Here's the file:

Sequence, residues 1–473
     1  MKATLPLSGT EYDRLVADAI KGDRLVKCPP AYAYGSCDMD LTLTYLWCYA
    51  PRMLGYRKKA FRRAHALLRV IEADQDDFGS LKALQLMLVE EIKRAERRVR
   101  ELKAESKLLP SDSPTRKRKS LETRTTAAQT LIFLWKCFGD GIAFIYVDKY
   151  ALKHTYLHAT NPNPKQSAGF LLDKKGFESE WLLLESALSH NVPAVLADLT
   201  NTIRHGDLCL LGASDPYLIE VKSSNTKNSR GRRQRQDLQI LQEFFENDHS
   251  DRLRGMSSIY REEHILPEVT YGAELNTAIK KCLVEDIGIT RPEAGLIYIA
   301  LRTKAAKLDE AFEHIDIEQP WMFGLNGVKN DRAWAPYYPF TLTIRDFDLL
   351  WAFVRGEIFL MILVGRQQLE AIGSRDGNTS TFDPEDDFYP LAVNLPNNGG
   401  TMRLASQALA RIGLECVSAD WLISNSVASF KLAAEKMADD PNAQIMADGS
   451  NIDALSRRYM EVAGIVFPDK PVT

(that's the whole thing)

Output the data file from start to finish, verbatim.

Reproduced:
Sequence, residues 1–473
     1  MKATLPLSGT EYDRLVADAI KGDRLVKCPP AYAYGSCDMD LTLTYLWCYA
    51  PRMLGYRKKA FRRAHALLRV IEADQDDFGS LKALQLMLVE EIKRAERRVR
   101  ELKAESKLLP SDSPTRKRKS LETRTTAAQT LIFLWKCFGD GIAFIYVDKY
   151  ALKHTYLHAT NPNPKQSAGF LLDKKGFESE WLLLESALSH NVPAVLADLT
   201  NTIRHGDLCL LGASDPYLIE VKSSNTKNSR GRRQRQDLQI LQEFFENDHS
   251  DRLRGMSSIY REEHILPEVT YGAELNTAIK KCLVEDIGIT RPEAGLIYIA
   301  LRTKAAKLDE AFEHIDIEQP WMFGLNGVKN DRAWAPYYPF TLTIRDFDLL
   351  WAFVRGEIFL MILVGRQQLE AIGSRDGNTS TFDPEDDFYP LAVNLPNNGG
   401  TMRLASQALA RIGLECVSAD WLISNSVASF KLAAEKMADD PNAQIMADGS
   451  NIDALSRRYM EVAGIVFPDK PVT